Amnesty International: Nigeria Forces Kill 150 Pro-Biafra Protesters
A Human Rights group has claimed that Security Forces in Nigeria have killed over 150 protesters since August 2015.
According to Amnesty International, the Nigerian military has used deadly force and live ammunition against pro-Biafra protesters in the Southeast who are calling for an independent state.
The Nigerian police have denied the allegations that unnecessary force was used.
According to the country and its Army, Amnesty International is trying to damage its reputation.
The reports from Amnesty International are based on interviews of about 200 individuals, in addition to 87 videos and over 100 pictures.
The report includes allegations of “extrajudicial executions” involving 60 protesters killed in a shooting in the Southeast city of Onitsha during two days in May celebrating Biafra Remembrance Day.
Amnesty International interim director for Nigeria Makmid Kamara said, “This reckless and trigger-happy approach to crowd control has caused at least 150 deaths, and we fear the actual total might be far higher.”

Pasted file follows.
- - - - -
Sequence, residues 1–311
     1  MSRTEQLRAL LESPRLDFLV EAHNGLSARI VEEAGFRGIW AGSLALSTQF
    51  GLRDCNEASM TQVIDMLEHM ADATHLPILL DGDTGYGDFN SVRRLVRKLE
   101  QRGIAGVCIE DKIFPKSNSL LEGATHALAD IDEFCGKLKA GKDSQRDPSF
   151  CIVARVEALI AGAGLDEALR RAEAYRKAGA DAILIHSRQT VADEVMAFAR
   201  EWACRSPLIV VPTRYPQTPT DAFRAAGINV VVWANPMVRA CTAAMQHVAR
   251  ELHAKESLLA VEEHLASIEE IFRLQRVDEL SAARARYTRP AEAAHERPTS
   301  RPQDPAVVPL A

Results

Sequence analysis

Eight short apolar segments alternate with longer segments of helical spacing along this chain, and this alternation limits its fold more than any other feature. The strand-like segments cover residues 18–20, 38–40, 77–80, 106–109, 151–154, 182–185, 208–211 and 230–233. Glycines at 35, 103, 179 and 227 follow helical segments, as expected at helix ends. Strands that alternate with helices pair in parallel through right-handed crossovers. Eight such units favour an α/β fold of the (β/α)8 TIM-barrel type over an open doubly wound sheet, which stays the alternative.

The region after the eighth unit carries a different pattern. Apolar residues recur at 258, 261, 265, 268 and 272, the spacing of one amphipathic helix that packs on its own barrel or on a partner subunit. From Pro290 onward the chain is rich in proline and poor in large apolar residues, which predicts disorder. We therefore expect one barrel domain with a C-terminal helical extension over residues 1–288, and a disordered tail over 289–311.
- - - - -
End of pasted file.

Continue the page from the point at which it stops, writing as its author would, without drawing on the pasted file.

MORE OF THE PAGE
A 26-year-old man who was a victim shot in Nkpor reported that he was found by soldiers who poured acid on him and said to him that he should expect a slow death.
A woman reported speaking with her husband on a mobile phone. As he told her that someone had shot him in the stomach, she could hear gunfire in the background. Later, she discovered his body at the morgue and he had two additional chest wounds, making her believe he had been shot following the phone call.
Amnesty International said that Biafra protests we’re peaceful, in spite of the periodic instances during which some protesters would throw stones and burn tires. In one instance, someone shot at authorities.
“Regardless, these acts of violence and disorder did not justify the level of force used against the whole assembly.”
Army spokesman Sani Usman said that “the military and other security agencies exercise maximum restraint despite the flurry of provocative and unjustifiable violence.”
The two leading separatists organizations in Nigeria’s Southeast, the Indigenous People of Biafra (IPOB) and the Movement for the Actualization of the Sovereign State of Biafra have engaged in “unimaginable atrocities,” he continued.
Usman added that they have killed and burned individuals from different parts of the country and have forced them to run away.
During the past year protesters have demanded on several occasions that a Biafra State be created, where Igbo people live in the southeast.
Since October 2015, IPOB leader Nnamdi Kanu has been in police custody. Requests for his release have been denied by the Nigerian government.
The topic of Biafra continues to be a divisive one in Nigeria as it evokes remembrance of a dark chapter in the country’s history.